The present residence is built in the classical Georgian style. The central 3-storied block was designed by William Montgomery. However, the building has been much altered over the years and is now an amalgam of designs. The square wings on either end were added in the late 18th century.

“The main block is of three storeys on basement, six bays wide on the entrance front, rendered in Roman cement, with hipped roof, massive chimney- stacks, and balustrade above modillioned cornice. Externally, everything is quite classically severe, with Georgian-glazed windows in lugged architraves: except for the ground-floor windows in the canted bay at the centre of the garden front, and the charming octangular room within, which are, unexpectedly, Gothick”

C E B Brett, Buildings of North County Down 2002

The interior of the mansion, now known as Greyabbey House, is very grand with at least 5 drawing rooms designed by James Sands in 1846. On entering the front door is a magnificent cantilevered staircase added in 1790. The house has many interesting features added by various Montgomery’s over the generations.

The gardens and estate of Greyabbey House are renowned for their mature planting, which features species of plants and trees from all over the world.

Greyabbey House is still the home of the descendants of the Scottish “adventurer” Hugh Montgomery!

Within the Abbey itself are several memorials to deceased members of the Montgomery family, including one for Sir James Montgomery who was shot by pirates in 1652.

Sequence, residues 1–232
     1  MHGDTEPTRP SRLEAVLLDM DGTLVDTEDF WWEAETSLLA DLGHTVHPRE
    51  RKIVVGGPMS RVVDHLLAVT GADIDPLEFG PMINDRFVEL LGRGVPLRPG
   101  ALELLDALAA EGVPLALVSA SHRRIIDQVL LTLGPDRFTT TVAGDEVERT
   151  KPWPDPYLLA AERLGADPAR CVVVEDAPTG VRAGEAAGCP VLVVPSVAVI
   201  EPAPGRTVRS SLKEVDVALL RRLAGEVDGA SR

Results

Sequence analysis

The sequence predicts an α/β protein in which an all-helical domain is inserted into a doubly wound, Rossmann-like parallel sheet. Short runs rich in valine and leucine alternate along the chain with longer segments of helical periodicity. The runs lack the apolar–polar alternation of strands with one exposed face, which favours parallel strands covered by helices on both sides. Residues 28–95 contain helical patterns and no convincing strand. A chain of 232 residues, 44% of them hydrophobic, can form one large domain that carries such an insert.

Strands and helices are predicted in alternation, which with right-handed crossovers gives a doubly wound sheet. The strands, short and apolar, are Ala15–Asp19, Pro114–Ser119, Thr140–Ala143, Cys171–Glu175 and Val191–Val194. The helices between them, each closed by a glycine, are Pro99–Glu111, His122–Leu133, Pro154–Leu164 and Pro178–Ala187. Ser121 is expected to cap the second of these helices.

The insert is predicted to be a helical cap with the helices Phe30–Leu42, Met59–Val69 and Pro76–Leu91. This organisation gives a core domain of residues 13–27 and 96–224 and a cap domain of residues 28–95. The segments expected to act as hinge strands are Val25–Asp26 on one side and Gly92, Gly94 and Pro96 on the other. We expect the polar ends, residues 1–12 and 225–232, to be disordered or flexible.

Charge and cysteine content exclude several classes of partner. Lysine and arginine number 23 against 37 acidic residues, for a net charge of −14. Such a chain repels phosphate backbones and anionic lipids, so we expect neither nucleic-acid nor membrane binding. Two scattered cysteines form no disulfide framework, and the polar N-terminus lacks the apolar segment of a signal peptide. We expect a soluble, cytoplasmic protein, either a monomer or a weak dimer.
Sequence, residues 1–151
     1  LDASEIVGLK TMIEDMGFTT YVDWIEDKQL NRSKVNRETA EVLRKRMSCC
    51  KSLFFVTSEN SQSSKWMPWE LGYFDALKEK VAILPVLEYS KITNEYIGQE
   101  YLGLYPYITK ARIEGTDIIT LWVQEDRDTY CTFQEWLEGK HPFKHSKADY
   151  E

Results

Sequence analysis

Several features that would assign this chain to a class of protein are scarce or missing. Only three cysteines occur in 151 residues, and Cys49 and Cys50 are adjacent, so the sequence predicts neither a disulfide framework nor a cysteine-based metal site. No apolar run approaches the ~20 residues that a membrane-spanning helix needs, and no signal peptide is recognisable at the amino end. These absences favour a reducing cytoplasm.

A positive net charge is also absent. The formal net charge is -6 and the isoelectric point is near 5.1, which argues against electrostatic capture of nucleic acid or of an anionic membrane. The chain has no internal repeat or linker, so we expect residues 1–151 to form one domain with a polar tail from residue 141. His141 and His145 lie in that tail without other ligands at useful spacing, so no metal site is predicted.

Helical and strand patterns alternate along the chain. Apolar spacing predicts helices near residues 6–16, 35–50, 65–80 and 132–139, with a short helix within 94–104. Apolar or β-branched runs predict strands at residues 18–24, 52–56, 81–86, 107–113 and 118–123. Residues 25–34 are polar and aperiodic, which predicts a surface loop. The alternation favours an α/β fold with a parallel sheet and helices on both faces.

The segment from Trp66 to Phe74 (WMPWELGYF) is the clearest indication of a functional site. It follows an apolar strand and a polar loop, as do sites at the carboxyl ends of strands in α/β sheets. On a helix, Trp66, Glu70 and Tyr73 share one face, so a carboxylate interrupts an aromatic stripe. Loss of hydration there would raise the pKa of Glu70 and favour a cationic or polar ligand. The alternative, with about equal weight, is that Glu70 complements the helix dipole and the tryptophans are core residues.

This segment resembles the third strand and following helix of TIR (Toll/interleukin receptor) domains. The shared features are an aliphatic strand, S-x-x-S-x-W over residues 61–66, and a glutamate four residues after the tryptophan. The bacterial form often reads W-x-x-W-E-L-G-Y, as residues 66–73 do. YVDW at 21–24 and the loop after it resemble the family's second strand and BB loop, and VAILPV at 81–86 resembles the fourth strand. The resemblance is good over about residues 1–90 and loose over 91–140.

Montgomery Memorial
Montgomery Memorial
Montgomery Coat of Arms
Montgomery Coat of Arms
William Montgomery Remembered
William Montgomery Remembered
Greyabbey in Shadow
Greyabbey in Shadow

The Village of Greyabbey


The little settlement that grew up around the monastic enclave of Greyabbey was originally just a collection of small cottages. It was not until the time of the Montgomery’s that the houses became a distinct village.

“Sir James Montgomery made the old town of Gray Abbey a new one and entirely regular”

In 1834 the village is described as consisting of one principal street about 550 yards long leading from the shore. It then branched off, 190 yards to the north and 80 yards to the south. This was lined with single storey stone-built cottages. There was only one double storey house. This was probably at 1 North Street, the home of a linen merchant constructed at the turn of the 19th century.

'The Top of the Town' from Greyabbey Information Poster
‘The Top of the Town’ from Greyabbey Information Poster

“The new houses or cottages have back doors to them, yet, so strong is habit, that slops and dirt of the houses are flung on the road”

Ordnance Survey Memoirs 1834

The narrow streets of the village were not paved or lit and must have been quite smelly!

Although Greyabbey was granted port rights by James I, the water depth was not great enough to allow larger vessels to anchor. Consequently, only coal sloops were known to frequent the harbour. At low tide these ships were able to unload their cargo at the quay on Strangford Lough.

Trade within Greyabbey

The majority of the inhabitants of Greyabbey were weavers, with looms in their own homes. There was also at this time 7 grocers, 1 bootmaker, 1 doctor, 2 woollen drapers and 25 spirit shops in the village.